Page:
“We usually have a week to prepare between Massachusetts trials. Here we had to make our changes almost instantaneously and be prepared to use new material 20 minutes later,” Harry pointed out. “It was pretty difficult to adapt, but our team was pretty good at thinking on its feet.” The students also discovered that “the national competition is a lot more about performance than the law,” Harry added. “We mostly stuck to our game, but we knew not to make certain objections, and that we could get in things that normally would be objectionable.”
How was the Maimonides delegation received after days of escalating publicity? "From the second we arrived, everyone knew who we were because of our kippas, and people would just walk right up to us and tell us they hoped everything worked out,” Ben recounted. “The other teams were super nice and friendly. Before we got accommodated, they all wished us luck when we passed them and they saw the boys' kippas,” said Pnina. “The other teams were extremely encouraging,” Avi added. “Multiple times throughout the week, team members and coaches approached us and told us how proud they were of us, and we did the right thing by fighting it.”
The students took a van to their hosts’ neighborhood; on the way, “we celebrated Pesach Sheini with some matzah that Pnina brought,” Leah noted. “Our hosts were great. The whole community was extremely supportive,” Michael reported. “They all welcomed us with open arms and lots of food, and we had an amazing Shabbat experience there.” "They really showed us the true meaning of Southern hospitality," said Natan. Pnina added, “The Atlanta community was adorable. They were totally shepping nachas from us.” Friday night dinner was at the home of former Maimonides School parents Jeff and Barbara Weener, and the seniors had a nice reunion with their former classmate Kobi Weener.
Rabbi Adam Starr of Young Israel of Toco Hills hosted a lunch that included students from Yeshiva Atlanta. “We got to know some really nice kids, and hear all about their lives and school,” Leah said. After mincha at Young Israel, the students conducted a panel about Mock Trial. “The community was so gracious, asking polite questions and commending us on our menschlichkeit,” Leah said. “Everyone on the team got to answer at least one question.” Ben added, “The rabbi just kept telling us over and over how much of a kiddush Hashem it was, and it made us all feel great to know that the support of the entire Jewish community was behind us.”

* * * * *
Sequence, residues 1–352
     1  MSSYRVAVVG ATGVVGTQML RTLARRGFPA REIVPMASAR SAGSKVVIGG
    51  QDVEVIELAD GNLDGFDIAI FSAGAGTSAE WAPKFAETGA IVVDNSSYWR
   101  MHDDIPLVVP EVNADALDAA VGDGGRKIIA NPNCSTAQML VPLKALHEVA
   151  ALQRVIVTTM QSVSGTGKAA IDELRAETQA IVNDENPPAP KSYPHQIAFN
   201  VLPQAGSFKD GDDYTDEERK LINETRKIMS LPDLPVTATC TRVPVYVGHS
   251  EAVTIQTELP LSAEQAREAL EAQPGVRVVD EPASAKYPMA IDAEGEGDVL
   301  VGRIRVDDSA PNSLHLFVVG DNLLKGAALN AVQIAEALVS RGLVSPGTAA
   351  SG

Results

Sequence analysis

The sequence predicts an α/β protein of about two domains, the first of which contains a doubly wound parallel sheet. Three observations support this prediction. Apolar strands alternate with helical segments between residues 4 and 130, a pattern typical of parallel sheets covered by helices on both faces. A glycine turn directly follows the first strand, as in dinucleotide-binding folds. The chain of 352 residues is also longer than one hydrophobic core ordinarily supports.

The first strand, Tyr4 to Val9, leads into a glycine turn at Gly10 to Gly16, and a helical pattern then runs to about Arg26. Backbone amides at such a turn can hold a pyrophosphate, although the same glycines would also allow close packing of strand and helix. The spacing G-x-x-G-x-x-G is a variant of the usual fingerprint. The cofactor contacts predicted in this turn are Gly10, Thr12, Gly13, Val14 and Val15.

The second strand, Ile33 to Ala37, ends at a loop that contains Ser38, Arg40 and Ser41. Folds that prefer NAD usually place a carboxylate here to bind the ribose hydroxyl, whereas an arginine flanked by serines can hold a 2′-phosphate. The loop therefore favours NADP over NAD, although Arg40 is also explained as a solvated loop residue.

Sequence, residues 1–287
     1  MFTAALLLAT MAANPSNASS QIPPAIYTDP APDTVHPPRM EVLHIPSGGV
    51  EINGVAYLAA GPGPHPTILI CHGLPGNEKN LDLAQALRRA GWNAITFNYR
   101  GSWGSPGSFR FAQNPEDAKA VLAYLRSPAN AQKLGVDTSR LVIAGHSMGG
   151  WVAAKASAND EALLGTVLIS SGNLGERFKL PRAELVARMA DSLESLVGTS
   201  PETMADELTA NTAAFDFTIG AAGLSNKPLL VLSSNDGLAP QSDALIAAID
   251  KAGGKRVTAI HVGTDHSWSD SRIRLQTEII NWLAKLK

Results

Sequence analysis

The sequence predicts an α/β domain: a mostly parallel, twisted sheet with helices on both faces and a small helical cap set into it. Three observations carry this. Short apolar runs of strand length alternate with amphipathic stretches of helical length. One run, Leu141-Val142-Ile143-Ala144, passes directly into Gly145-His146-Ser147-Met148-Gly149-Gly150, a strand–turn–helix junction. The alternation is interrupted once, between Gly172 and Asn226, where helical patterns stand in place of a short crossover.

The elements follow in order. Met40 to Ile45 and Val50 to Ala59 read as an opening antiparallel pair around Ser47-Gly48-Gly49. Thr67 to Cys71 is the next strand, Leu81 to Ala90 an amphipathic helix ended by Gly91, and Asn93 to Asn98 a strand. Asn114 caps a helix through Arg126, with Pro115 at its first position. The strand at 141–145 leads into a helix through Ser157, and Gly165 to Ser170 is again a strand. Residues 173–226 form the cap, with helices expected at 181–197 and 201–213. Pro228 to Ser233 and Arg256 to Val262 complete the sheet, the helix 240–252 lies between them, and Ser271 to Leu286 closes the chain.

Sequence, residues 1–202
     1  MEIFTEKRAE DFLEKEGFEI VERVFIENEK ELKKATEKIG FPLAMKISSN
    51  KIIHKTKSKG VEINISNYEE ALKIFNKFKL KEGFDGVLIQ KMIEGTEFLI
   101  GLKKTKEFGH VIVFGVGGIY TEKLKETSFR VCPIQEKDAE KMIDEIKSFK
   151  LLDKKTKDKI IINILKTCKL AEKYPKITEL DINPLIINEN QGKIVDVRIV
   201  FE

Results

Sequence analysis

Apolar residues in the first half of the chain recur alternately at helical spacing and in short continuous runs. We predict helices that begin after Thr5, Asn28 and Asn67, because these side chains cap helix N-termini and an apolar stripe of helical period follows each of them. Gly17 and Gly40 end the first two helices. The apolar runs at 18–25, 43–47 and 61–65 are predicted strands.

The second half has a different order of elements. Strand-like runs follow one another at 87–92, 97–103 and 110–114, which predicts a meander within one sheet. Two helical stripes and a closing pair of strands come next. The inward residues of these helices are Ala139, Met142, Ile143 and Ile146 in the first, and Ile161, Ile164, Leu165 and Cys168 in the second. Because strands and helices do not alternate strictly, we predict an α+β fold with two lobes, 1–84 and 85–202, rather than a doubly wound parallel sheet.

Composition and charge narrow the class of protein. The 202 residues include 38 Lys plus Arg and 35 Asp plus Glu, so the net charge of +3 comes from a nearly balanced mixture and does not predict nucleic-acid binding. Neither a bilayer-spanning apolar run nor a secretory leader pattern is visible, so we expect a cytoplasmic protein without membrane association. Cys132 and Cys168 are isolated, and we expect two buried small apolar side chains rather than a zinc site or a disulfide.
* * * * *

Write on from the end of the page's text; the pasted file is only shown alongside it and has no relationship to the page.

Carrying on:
“Our community will be talking about and remembering this visit for a long time to come,” said Jeff Weener. “The students represented Maimonides in a way that all here want to model. The menschlichkeit the team exhibited, in their interactions and when questioned as a panel, showcased their upbringing and schooling. The school couldn't have asked for better ambassadors of its mission than this group.”
Returning to the hotel late on Motza’ei Shabbat, the Maimonides students “hung out for the rest of the night with the friends we made from New Hampshire, Kansas, Iowa, Illinois, Delaware, Alabama, Hawaii, California, Virginia, and more,” Leah reported. “Slowly, conversation evolved into a discussion about religion and religious schools. We were out in the hallway, and more and more people joined us. Atheists, a Reform Jew or two, Catholics, Protestants, all came to discuss God, faith, the Bible and religious practices… Iowa[’s team was from] a religious Catholic school. We really hit it off with them, talking about our faiths and our schools and our states and communities.” Michael noted, “Iowa was really supportive, and we all had a great time hanging out with Iowa.”
Sunday morning, the students learned their scores. “Most of them seemed, well, fair,” Leah observed. “We are all ecstatic with how well we did,” Michael declared, “and I hope that next year's Maimo team will do even better.” Steven won an Outstanding Witness Award for his performance in the first trial, and Leah an Outstanding Attorney Award from the second.
Steven and Benjamin are the only underclassmen in the Atlanta delegation. Next year, "It will be tough to live up to this year's team," Steven acknowledged. But he emphasized that, because of the Nationals, "I think I have doubled my understanding of Mock Trial. Just seeing all these other teams playing at such a high level helps me understand the system more."